The Netherlands has really interesting children's activities, programs and places for Dutch children to visit. It's nice to visit these places on days when they are not busy. The country is really small with great public transport and we spend a lot of our time exploring new places and visiting old favourites. Graham changed his work contract to have Fridays off and we often go on family trips on this day.

One thing we noticed in our first year of homeschooling was that the children didn't have enough friends to play with during school hours. We started Leiden Home Learners, a weekly home learning group, so the children would have the chance to meet other homeschooling children regularly. Now they know several children and often have dates around the country to visit them in their homes, at the beach or somewhere else fun and fabulous for children to hang out and play. We try to stay in Leiden on Wednesdays (when elementary children are free in the afternoons) and on weekends because on these days they can play with friends in the neighbourhood who usually go to school.

The homeschooling community has changed quite a bit in the last 3.5 years since we started. There were fewer meetups before, but now sometimes there are three different options to meet within the same day. It's wonderful to have so many options!

If the homeschooling law changes here and makes unschooling too difficult, I imagine we'll move to Canada so we can unschool the children in peace. We would still visit the Netherlands frequently for holidays.

Sandra: The conferences you organized in June 2012 and 2013 were fun for me as a speaker, and seemed to be enjoyed by your attendees.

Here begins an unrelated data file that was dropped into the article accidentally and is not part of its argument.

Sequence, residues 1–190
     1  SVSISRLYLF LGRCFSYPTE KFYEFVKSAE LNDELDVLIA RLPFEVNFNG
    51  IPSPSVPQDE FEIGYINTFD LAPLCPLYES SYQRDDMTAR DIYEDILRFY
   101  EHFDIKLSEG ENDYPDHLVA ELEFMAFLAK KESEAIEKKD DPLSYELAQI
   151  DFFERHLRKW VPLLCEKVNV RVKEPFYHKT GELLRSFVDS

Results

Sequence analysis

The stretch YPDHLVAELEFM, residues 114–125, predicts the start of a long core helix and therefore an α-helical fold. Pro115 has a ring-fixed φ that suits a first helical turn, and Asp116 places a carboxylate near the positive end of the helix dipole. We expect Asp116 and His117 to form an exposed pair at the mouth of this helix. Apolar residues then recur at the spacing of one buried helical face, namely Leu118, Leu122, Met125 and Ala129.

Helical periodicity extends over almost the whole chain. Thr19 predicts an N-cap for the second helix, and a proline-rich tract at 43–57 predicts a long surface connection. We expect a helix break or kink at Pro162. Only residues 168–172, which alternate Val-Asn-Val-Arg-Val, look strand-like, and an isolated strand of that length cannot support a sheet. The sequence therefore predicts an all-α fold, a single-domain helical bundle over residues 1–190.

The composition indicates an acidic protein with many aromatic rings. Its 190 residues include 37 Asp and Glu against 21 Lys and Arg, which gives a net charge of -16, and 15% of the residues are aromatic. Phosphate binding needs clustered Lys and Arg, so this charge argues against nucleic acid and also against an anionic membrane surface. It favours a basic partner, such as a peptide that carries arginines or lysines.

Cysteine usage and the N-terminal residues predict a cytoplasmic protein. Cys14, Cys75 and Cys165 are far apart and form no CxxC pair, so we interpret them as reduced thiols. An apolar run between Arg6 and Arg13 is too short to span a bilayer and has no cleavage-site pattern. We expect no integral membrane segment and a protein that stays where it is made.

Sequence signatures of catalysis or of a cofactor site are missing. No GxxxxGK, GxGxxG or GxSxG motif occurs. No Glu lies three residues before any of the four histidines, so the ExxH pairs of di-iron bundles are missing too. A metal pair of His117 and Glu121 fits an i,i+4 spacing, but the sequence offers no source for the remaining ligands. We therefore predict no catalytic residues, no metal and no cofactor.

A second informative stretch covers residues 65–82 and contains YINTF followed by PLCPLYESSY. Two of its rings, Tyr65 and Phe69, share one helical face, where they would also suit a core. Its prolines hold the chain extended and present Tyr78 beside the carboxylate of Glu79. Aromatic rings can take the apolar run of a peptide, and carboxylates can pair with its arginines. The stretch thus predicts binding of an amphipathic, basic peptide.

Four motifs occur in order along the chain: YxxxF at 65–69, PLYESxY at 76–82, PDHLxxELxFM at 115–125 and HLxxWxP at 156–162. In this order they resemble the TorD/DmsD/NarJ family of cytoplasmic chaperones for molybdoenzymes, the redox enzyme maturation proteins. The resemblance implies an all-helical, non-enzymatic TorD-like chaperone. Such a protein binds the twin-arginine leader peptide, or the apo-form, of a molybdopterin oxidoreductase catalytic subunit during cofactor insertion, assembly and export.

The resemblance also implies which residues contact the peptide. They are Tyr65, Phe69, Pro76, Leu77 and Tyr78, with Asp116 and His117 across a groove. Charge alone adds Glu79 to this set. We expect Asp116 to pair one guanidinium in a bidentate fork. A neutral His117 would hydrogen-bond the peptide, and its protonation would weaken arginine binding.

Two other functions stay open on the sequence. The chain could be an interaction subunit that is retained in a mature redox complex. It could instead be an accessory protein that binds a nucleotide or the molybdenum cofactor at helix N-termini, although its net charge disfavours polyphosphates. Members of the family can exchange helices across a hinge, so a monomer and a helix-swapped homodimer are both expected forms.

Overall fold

Rippy: I received lots of positive feedback from unschoolers and people curious about unschooling. Many parents found the ideas inspiring and some of them have shared with me that they have become sweeter with their children and it helped them to be better parents. Parents have also told me they love connecting to the other unschoolers around the country and making new friends. This year we had participants from Denmark, Belgium, Germany, Luxemburg and Spain. It was great for parents and children to meet other unschoolers in different European countries.

Sandra: It sounds so exotic, all those foreign countries, but in North American terms, it's halfway across the continent. We could still be in the same country.

Rippy: Yes, we went to Ireland to visit some of our unschooling friends and it was only an hour flight. And flights are less expensive then they are in North America.

Sandra: I've been using some photos from that trip on "Just Add Light and Stir," so I know there was a family there from Northern Ireland and one from England, and your family—in a rented house for several days. That sounded really fun, and I liked knowing that Tesco (a grocery store) gives points people can use to rent cottages.

I imagine your Canadian and Indian connections are big advantages, for unschooling.